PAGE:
Jay Reatard plays a free show at Emory Performing Arts Studio, 1804 N. Decatur Rd. 8 p.m. Fri., April 10. On Sat., April 11 Jay Reatard plays at Lenny's with Gentleman Jesse, GG King and the Stolen Hearts. 9 p.m. $10. 486 Decatur St. 404-577-7721.
Chad Radford: Your MySpace headline says New record almost finished. Do you have a name for it yet?
Jay Reatard: Yeah, its Watch Me Fall. Pretty positive title ... unless I change my mind in the next three days, that's what it's going to be called.
Is the line-up on the record the same one that youve been working with for a while?
Yeah, on the recording itself the majority of the songs are just acoustic guitar, electric guitar, bass and drums. And then on a few other songs there is Farfisa and a little bit of piano and on two other songs theres some cello and a couple mandolin parts. Im not really going into like R.E.M. and Losing My Religion territory just yet, but I wanted to use some different kind of non typical rock instruments in the context of a rock song.
Is it going to be in the same kind of tone as Blood Visions?
No, its a drastically different record. On the surface it might appear really different. The content of the songs and the general aesthetics of the songs are the same, but the way that they are delivered is different. The songs are a lot longer, there are only 12 songs and I didnt even know it until I threw it on the computer to start sequencing it and I was like wow man, there are quite a few songs on here that are like four minutes long, which is twice the length of most of my songs, but there are still a lot of songs on there that are really short. Id like to say that in theory its a punk record but its really not. Its kind of like a dark pop record I think.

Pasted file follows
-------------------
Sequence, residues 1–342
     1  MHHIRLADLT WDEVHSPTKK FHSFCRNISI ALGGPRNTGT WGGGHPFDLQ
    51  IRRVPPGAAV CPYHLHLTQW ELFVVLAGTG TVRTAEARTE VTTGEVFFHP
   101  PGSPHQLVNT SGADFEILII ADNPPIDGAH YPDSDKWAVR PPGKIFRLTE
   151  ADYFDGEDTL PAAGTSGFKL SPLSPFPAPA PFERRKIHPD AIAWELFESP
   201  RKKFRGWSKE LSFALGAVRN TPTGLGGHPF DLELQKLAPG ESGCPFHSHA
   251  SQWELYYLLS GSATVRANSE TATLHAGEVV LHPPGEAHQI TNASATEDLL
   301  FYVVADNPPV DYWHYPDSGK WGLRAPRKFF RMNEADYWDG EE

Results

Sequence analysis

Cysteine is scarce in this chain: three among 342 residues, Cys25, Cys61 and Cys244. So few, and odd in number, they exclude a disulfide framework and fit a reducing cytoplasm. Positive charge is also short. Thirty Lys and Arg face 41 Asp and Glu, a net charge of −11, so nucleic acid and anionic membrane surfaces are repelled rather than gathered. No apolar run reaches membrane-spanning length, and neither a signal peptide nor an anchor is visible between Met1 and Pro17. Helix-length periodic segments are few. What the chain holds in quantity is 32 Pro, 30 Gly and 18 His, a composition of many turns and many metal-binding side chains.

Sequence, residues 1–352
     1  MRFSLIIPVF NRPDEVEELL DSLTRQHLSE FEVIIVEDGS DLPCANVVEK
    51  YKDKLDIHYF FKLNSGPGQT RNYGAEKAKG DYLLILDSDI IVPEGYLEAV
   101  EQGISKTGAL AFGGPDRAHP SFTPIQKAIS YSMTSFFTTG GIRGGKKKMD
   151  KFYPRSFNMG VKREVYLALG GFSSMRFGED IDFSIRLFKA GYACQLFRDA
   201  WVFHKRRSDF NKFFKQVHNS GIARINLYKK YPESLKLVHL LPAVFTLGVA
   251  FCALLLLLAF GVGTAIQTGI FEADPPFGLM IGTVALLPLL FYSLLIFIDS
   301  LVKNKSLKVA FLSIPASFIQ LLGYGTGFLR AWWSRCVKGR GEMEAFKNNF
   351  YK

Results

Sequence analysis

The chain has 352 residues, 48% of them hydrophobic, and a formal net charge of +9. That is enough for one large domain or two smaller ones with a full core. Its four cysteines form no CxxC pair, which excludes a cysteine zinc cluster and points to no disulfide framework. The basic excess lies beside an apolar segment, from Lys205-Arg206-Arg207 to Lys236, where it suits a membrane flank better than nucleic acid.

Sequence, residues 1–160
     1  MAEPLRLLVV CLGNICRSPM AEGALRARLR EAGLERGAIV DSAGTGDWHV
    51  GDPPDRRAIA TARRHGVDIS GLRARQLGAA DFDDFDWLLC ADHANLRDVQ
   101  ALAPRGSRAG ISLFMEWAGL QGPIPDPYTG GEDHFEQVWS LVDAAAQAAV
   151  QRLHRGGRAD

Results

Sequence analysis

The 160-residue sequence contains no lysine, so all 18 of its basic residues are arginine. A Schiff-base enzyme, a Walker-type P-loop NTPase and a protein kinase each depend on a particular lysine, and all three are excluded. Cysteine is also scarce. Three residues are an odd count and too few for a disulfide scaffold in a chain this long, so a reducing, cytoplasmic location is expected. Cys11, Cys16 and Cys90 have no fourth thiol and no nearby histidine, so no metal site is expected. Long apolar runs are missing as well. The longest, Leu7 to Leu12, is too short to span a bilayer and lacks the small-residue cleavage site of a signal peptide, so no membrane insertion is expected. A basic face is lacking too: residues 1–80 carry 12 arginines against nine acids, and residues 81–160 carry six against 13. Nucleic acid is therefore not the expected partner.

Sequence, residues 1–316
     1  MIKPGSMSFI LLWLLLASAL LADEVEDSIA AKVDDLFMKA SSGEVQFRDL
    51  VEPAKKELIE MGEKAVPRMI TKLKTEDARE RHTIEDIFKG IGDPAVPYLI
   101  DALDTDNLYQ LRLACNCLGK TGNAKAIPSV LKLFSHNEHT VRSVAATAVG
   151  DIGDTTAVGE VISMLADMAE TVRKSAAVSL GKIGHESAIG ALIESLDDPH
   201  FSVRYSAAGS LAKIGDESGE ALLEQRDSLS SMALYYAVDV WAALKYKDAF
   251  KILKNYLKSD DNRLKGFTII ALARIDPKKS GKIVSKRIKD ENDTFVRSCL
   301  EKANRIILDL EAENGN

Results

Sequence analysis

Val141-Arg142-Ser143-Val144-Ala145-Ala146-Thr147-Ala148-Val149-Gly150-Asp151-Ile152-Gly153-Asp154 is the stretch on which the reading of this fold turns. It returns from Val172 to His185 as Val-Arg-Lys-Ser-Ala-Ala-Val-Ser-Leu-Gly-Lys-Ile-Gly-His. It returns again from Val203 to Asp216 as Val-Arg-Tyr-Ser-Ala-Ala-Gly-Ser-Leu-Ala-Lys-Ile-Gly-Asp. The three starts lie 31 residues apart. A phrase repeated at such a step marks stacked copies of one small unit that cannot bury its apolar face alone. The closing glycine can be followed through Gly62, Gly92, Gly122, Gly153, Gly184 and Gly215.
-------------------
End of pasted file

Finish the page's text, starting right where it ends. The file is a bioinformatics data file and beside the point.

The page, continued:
Four minutes! Thats like epic-length for a J Reatard song.
Yeah, there arent really any extra parts. I dont know how they were getting up to three-and-a-half to four minutes long. I think I was putting longer instrumental parts in some spots. There are definitely no extra words. I dont like really wordy music.
You once told me that you approach your own songs as if youre writing Ramones songs, and take as much away from it as you can.
Absolutely, Ive always tried the less-is-more approach. I think the one thing I did with this record is I kept layering things and putting more and more on top. When you keep layering and doing all of these things and using Pro Tools and all this stuff, you pull yourself out of having to commit to anything, all of the sudden the decision making process is less important and I think thats where real musicianship and songwriting kicks in. You have to commit yourself to the decisions that you made at the time. I kind of got away from that on this record, and that would have been the only mistake I made. But as far as words, words come to me really quickly. I barely write them down and if I decide later that they didnt work, I very rarely go back and change them, just because thats how I felt at the moment. Im not going to go back and make revisions.